The Maritime Craft Center at the South Street Seaport Museum is a place where volunteers and craftspeople carry on the traditions of maritime craft, including wood carving and model ship building.
As part of our new exhibition “Millions: Migrants and Millionaires Aboard the Great Liners, 1900-1914”, the Seaport Museum welcomes Master Woodcarver Deborah Mills to the craft center where she is working on recreating a piece of the Museum’s permanent collection: an ornate wood panel from the First-Class Smoking Room of the R.M.S. Mauretania. Each Wednesday visitors can stop by the craft center and watch Deborah bring the wood carved reproduction closer to the original. Thursday through Sunday the piece will be on view as part of the exhibition at 12 Fulton Street, where visitors are encouraged to touch the piece and observe the intricate details adorning this single panel.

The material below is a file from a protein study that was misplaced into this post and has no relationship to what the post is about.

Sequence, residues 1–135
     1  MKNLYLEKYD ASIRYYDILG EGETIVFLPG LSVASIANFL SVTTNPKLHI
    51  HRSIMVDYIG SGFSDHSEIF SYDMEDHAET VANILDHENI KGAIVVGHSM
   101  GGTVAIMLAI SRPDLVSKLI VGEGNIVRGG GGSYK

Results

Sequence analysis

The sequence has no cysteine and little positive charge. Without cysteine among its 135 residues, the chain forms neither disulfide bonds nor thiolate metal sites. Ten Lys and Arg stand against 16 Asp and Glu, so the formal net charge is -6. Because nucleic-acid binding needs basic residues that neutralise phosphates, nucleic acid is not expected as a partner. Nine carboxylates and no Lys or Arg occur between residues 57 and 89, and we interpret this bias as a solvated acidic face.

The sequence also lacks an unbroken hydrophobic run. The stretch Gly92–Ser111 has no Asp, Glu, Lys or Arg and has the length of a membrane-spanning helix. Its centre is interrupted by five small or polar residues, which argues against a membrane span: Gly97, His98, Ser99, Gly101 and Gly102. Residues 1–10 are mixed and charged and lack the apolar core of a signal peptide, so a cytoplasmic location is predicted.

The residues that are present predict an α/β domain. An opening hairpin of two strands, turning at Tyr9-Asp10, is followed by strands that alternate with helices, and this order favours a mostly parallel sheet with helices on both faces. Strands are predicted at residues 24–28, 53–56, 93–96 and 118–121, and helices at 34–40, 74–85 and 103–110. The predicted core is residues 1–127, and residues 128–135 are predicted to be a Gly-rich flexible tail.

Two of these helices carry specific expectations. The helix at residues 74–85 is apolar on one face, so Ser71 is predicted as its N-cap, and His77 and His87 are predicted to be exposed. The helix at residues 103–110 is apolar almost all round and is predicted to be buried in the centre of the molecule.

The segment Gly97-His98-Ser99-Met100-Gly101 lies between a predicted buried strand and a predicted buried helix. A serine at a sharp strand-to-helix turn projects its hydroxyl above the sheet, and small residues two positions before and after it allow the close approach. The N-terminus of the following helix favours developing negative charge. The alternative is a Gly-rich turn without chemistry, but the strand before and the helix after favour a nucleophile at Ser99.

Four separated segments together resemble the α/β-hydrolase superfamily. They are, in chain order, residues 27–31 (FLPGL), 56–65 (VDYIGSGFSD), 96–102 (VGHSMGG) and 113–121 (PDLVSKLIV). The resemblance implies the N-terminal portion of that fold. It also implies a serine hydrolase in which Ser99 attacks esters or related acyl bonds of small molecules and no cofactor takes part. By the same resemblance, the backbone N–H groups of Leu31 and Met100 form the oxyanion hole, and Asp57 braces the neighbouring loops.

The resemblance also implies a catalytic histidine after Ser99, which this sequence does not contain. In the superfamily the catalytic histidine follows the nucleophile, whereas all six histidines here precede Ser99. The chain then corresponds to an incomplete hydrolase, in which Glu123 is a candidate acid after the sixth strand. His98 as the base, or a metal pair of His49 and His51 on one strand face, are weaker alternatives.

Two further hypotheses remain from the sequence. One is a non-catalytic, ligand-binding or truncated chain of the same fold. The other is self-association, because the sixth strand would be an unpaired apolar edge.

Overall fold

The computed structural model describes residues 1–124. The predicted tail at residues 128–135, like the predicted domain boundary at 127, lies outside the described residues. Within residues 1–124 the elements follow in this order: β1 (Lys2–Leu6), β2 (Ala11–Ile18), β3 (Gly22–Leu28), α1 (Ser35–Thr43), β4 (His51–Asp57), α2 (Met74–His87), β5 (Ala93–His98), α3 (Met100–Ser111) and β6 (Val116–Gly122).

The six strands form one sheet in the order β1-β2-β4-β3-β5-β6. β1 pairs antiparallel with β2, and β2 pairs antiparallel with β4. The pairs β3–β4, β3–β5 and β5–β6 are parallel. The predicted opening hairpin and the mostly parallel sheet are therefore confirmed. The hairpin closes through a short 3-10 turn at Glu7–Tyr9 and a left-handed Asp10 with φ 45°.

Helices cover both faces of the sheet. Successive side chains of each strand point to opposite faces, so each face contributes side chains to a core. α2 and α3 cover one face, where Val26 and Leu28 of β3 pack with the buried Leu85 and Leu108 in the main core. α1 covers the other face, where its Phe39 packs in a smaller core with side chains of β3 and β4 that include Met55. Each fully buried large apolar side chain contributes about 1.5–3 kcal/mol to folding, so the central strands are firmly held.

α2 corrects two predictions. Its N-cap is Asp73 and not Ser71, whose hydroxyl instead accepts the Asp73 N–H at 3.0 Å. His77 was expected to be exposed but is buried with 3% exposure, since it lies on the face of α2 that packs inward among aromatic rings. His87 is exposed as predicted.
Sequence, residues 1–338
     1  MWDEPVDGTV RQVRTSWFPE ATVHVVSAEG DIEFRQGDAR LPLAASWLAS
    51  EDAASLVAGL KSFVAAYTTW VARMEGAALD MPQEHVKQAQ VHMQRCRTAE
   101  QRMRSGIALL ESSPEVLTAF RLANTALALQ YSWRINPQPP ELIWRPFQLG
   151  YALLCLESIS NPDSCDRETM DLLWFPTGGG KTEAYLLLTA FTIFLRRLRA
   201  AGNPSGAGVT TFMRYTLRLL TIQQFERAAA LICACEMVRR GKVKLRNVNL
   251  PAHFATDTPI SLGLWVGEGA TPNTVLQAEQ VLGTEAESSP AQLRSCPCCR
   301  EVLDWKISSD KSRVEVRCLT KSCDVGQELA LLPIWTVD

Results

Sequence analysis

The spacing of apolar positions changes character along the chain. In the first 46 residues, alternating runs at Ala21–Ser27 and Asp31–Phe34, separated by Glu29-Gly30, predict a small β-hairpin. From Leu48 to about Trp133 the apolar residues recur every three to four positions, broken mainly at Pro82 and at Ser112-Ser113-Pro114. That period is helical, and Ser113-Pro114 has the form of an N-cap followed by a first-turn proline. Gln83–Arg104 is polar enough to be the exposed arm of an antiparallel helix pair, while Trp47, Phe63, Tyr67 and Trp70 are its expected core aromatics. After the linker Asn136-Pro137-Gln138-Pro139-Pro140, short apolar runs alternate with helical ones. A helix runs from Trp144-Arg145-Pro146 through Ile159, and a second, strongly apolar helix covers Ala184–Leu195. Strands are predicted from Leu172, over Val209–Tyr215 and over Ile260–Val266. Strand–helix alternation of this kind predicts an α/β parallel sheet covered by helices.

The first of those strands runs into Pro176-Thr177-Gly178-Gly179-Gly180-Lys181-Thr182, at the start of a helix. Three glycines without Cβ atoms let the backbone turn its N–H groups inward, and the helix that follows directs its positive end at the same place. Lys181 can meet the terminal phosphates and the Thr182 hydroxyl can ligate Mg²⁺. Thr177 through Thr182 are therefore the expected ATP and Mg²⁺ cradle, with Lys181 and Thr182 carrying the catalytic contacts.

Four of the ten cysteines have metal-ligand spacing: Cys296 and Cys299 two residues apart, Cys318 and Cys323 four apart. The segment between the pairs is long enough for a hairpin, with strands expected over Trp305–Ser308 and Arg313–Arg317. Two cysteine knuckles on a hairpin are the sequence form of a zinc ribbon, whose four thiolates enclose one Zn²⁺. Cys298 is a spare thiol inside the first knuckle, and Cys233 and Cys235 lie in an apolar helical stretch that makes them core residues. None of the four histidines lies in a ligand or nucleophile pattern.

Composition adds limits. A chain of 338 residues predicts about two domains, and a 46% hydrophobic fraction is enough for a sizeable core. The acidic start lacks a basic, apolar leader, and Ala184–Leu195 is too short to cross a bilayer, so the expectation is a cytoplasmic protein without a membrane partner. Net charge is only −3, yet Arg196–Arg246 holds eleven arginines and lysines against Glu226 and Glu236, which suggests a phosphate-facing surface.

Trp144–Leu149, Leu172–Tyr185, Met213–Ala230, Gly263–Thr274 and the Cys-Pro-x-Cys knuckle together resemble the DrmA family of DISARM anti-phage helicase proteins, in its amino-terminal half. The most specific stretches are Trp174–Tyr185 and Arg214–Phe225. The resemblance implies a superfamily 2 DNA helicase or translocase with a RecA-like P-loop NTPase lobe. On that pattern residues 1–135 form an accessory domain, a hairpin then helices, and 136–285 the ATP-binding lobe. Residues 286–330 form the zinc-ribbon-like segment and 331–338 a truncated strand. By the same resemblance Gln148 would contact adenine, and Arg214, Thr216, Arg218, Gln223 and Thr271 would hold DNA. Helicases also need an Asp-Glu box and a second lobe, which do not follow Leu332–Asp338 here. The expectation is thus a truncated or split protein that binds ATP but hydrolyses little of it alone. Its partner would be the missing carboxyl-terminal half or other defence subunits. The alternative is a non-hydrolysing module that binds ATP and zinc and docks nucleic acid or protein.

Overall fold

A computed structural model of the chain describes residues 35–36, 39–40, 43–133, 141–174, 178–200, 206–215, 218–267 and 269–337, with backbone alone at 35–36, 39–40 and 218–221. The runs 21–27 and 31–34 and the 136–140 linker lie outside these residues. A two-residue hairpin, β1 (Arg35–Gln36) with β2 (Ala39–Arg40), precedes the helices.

The South Street Seaport Museum’s Maritime Craft Center was originally housed in two fused shipping containers erected on Pier 15 in 1983 and staffed by Master Woodcarver Salvatore “Sal” Polisi, and moved to its current home in 2012 where Sal continued to bring his art to life until his passing in 2015. Throughout his time at the Seaport Museum in his informal roles as docent, greeter, tour-guide, and storyteller, Sal also brought to life the seaport itself.
New York Times remembers Sal Polisi